It’s the end of an amazing school year, and what better way to celebrate than with a bit of friendly competition? We’re counting down our 10 most popular reading presentations from this past school year. So, we looked at the data and compared the numbers, and the results are in. Check out our most popular reading presentations below, and tweet us which presentations were the most popular in your classrooms!
#10 – The Faith Cure Man
One of Paul Laurence Dunbar’s many depictions of Black American life in the early 1900s, “The Faith Cure Man” tells the story of a poor mother and her efforts to cure her sick daughter. A great pick to start off our list.
#9 – Frankenstein
Mary Shelley’s sci-fi classic, Frankenstein, comes in at number nine on our list. With how prevalent this novel is, we can’t say that we’re too shocked ⚡
#8 – Halloween
No tricks here! Our number eight spot belongs to our presentation on Halloween. It teaches all about the traditions, creation and celebration of everyone’s favorite spooky holiday 🎃
Terence Vincent Powderly was an Irish-American labor union leader who, in this paper, advocated for the right to an eight-hour workday. It comes in at only number seven on our list, but we believe that standing up for what is right is of paramount importance.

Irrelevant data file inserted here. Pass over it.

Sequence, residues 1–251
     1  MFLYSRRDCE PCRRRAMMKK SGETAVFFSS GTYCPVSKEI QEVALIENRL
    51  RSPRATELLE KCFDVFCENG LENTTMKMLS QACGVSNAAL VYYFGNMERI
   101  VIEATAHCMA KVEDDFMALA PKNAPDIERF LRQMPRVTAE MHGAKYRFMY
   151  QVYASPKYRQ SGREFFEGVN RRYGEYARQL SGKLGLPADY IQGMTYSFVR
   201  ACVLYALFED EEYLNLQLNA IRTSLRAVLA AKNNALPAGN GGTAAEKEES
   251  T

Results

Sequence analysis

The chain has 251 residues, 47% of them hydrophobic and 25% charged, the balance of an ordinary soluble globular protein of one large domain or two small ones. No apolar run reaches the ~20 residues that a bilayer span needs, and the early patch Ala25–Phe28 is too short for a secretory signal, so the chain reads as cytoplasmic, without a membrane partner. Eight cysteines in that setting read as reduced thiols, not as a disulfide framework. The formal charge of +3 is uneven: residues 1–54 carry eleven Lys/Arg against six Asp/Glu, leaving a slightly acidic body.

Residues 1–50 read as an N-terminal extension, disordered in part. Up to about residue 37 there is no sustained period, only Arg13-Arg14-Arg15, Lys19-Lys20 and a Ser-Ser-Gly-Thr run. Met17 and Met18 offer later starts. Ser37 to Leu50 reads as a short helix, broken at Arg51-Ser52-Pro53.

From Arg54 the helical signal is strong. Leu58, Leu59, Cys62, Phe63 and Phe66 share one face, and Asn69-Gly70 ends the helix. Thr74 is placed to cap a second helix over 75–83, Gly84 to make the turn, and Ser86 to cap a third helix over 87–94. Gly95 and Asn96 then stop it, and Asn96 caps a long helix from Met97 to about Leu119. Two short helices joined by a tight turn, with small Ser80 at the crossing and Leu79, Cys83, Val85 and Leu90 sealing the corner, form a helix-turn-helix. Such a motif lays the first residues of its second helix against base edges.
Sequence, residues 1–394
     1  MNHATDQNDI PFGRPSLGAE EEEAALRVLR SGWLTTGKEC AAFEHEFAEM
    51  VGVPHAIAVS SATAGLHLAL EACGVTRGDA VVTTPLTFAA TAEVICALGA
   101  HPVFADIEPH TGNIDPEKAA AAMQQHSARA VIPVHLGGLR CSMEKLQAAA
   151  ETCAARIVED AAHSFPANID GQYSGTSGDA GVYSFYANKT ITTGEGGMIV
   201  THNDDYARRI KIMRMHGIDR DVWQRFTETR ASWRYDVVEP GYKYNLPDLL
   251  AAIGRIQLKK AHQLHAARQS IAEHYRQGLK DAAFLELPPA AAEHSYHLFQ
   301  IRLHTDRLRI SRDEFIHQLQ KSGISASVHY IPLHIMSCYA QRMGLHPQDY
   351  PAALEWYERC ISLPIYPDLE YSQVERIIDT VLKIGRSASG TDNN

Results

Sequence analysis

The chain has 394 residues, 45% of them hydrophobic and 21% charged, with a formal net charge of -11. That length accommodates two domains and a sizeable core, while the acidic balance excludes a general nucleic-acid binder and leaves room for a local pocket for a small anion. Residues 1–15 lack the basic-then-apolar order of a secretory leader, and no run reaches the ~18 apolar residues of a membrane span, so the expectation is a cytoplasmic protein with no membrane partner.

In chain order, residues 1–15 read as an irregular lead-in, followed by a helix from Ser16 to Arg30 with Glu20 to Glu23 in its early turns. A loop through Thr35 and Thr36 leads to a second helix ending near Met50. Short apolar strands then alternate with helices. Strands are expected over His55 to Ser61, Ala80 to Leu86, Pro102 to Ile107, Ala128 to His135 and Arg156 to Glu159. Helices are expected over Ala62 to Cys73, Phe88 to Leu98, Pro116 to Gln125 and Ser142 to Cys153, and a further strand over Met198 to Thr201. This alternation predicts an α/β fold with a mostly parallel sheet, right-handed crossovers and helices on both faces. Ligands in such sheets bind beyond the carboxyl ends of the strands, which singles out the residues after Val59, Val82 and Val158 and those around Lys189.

If there had to be any of Edgar Allen Poe’s chilling works to end up on our list, we’re glad it’s this one. After all, who doesn’t love a good creepy manor 🏚️
#5 – Hank Hill
Hank Hill is the protagonist of the long-running, Texas-based cartoon show, King of the Hill. Hank, a humble salesman of propane and propane accessories, is a caricature of a middle-class, suburban dad. He marks the halfway point of our list.
This excerpt is from a CommonLit mini unit on genocide. The speech in this presentation was given by President Bill Clinton to the Rwandan government about the eradication of genocide in their country. It comes in just outside of the top three on our list.
In the early 1800s, Native American peoples were forced by the U.S. government to leave their ancestral lands in a march toward the West known now as the “Trail of Tears.” One such group of people was the Choctaw tribe, and before departing their land, their leader, George W. Harkins, wrote a message to the American people expressing his views on the removal.
Our number two spot belongs to Shelby Ostergaard’s informational text, “Propaganda: Battling for the Mind.” In it, Ostergaard explains how propaganda influences people’s beliefs and actions and gives several historical examples of it.
#1 – The Joker
The number one most popular reading presentation this year is all about Batman’s greatest enemy, the Joker. This informational text on Gotham’s Clown Prince of Crime was almost twice as popular as our second place winner.
And as always, if you’re looking for any reading content for your students this summer, check out our presentation library.
We’ll see you next school year!